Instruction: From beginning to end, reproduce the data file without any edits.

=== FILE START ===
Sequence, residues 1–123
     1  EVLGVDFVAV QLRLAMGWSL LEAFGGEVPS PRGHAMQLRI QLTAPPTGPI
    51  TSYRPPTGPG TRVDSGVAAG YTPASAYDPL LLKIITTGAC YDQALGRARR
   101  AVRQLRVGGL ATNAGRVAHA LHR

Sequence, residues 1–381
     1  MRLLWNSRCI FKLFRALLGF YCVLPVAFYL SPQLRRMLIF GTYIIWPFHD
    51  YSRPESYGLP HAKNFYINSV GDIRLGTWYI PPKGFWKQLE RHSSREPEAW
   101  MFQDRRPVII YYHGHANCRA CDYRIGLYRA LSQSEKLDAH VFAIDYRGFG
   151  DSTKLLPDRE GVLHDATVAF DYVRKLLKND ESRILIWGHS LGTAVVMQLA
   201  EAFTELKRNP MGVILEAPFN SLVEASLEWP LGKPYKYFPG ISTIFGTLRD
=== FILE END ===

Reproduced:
Sequence, residues 1–123
     1  EVLGVDFVAV QLRLAMGWSL LEAFGGEVPS PRGHAMQLRI QLTAPPTGPI
    51  TSYRPPTGPG TRVDSGVAAG YTPASAYDPL LLKIITTGAC YDQALGRARR
   101  AVRQLRVGGL ATNAGRVAHA LHR

Sequence, residues 1–381
     1  MRLLWNSRCI FKLFRALLGF YCVLPVAFYL SPQLRRMLIF GTYIIWPFHD
    51  YSRPESYGLP HAKNFYINSV GDIRLGTWYI PPKGFWKQLE RHSSREPEAW
   101  MFQDRRPVII YYHGHANCRA CDYRIGLYRA LSQSEKLDAH VFAIDYRGFG
   151  DSTKLLPDRE GVLHDATVAF DYVRKLLKND ESRILIWGHS LGTAVVMQLA
   201  EAFTELKRNP MGVILEAPFN SLVEASLEWP LGKPYKYFPG ISTIFGTLRD